Mary Meyer, a 20-year-old college student, is admitted to the medical unit with flulike symptoms including nausea, vomiting, headache, and fever. Her neck is stiff and sore. She reports feeling increasingly ill over the last 24 hours. Mary is admitted for treatment of dehydration and to rule out meningococcal meningitis. She is scheduled to undergo a lumber puncture in a few hours.
History and assessment hints
You observe a pale young woman who appears sleepy but is oriented. She has a 20-G I.V. in her right forearm infusing 0.9% sodium chloride at 125 mL/hr. Vital signs are blood pressure (BP) 132/89 mm Hg, heart rate 118 beats/minute (bpm), respiratory rate 24 breaths/minute, and oral temperature 101.8° F (38.8° C).
An hour later, you enter Mary’s room again. This time, you are unable to rouse her. You find that her pupils are 3 mm bilaterally and react sluggishly to light. Tests using painful stimuli yield a Glasgow Coma Scale score of 8: 1 point for not opening eyes to stimulation, 2 points for audible moaning to stimulation, and 5 points for localizing to the site of stimulation. Reassessment of vital signs reveals BP 155/93 mm Hg; heart rate 130 bpm; and respiratory rate 35 breaths/minute and labored.
You know that meningitis is a potential diagnosis. You recognize that decline in neurological status could be related to cerebral edema, which leads to an increase in intracranial pressure (ICP). You immediately call the Rapid Response Team (RRT) and then ask the charge nurse to contact the admitting physician.
On the scene
When the team arrives, Mary is nonresponsive to all stimuli; her pupils are 3 mm bilaterally and nonreactive. Mary’s BP is 168/70 mm Hg, heart rate 135 bpm, and respiratory rate 40 breaths/minute and labored. Rapid respirations and widened pulse pressure, characterized by high systolic and low diastolic pressures, indicate the Cushing response to increased ICP.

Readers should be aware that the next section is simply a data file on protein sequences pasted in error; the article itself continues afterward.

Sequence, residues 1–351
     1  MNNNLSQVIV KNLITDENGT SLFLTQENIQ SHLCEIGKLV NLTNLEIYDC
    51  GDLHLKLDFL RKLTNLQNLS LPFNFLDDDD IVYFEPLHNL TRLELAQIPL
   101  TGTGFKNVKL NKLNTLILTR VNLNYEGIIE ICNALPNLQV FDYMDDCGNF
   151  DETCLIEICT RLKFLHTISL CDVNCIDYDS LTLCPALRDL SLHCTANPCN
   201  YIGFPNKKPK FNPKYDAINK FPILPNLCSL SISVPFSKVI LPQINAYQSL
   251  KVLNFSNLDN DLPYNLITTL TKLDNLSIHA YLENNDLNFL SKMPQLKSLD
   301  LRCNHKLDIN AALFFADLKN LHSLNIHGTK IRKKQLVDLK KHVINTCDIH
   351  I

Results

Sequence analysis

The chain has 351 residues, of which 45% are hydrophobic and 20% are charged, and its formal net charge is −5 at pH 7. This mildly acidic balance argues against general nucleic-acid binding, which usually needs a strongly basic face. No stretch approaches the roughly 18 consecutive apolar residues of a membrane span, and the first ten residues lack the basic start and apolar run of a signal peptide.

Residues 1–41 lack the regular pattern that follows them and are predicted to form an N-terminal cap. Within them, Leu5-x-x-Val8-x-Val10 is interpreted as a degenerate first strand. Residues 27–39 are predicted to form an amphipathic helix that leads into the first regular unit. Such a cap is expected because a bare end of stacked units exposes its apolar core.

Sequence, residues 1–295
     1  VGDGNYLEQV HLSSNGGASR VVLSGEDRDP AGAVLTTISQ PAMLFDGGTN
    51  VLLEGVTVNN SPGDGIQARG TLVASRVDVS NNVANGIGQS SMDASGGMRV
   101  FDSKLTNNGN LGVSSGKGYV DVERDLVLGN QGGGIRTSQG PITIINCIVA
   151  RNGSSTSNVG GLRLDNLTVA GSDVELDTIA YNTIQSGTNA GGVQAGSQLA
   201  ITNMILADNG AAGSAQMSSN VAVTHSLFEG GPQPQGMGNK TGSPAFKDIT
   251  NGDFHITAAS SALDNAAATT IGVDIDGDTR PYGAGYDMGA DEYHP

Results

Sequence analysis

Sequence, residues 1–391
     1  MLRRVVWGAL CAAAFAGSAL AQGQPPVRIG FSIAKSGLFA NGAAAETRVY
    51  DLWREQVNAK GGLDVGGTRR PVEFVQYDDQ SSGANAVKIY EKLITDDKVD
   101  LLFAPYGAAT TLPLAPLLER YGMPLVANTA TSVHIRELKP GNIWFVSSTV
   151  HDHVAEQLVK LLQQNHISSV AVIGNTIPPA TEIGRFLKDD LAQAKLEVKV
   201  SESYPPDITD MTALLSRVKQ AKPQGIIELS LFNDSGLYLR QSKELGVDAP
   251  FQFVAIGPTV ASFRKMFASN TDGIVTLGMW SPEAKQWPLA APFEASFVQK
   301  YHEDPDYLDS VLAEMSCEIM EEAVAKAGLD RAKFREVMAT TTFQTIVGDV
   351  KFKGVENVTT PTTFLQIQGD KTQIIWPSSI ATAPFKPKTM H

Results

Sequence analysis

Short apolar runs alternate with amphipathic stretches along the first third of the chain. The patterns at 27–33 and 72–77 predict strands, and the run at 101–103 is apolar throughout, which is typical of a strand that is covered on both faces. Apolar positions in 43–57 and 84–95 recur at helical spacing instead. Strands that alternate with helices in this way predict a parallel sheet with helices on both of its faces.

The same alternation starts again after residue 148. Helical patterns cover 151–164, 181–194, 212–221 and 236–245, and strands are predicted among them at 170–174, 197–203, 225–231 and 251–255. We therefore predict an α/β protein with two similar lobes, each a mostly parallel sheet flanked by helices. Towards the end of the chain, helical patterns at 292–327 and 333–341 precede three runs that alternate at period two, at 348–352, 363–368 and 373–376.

The physician intubates Mary with an oral endotracheal tube. He orders dexamethasone 10 mg. I.V. push and mannitol 50 g I.V. over 20 minutes. The RRT nurse uses an inline filter with the mannitol.
A stat computed tomography scan of the head without contrast is ordered and reveals cerebral edema.
Mary is admitted to the intensive care unit. A neurosurgeon inserts a ventricular drain into the lateral ventricle of her brain to allow for cerebrospinal fluid drainage to decrease ICP and obtain a culture for testing. Diagnosis of meningococcal meningitis is confirmed and antibiotic administration begins.
In the following week, the physician removes Mary’s endotracheal tube and she is able to breathe on her own. She is awake and following commands but remains intermittently confused. The neurosurgeon removes the ventricular drain. Mary is afebrile and is transferred to a brain injury rehabilitation unit.
Education and follow-up
Meningococcal meningitis is cause by the bacteria Neisseria meningitidis. It can be spread from person to person in places where people in close quarters, such as college dorms. People who had been in close contact with the patient are treated prophylactically with antibiotics once a diagnosis is made.
Bacterial meningitis results in inflammation of the brain lining and the subarachnoid space, which leads to failure of the blood brain barrier and cerebral edema. As cerebral edema increases, ICP rises. The earliest sign is a decline in level of consciousness. Dexamethasone, a steroid, helps decrease the inflammation of the brain. Used in combination with antibiotics and mannitol, an osmotic diuretic, it can lower ICP to safe levels.
All children 11 to 12 years old should be vaccinated with a quadrivalent meningococcal conjugate vaccine. This vaccine protects against five serogroups of N. meningitidis that cause most meningococcal disease—A, B, C, W, and Y. Preteens, teens, and young adults identified as being at increased risk of meningococcal disease should be vaccinated with serogroup B meningococcal vaccine.
Laura Mcilvoy is an associate professor of nursing at Indiana University Southeast in New Albany, Indiana.
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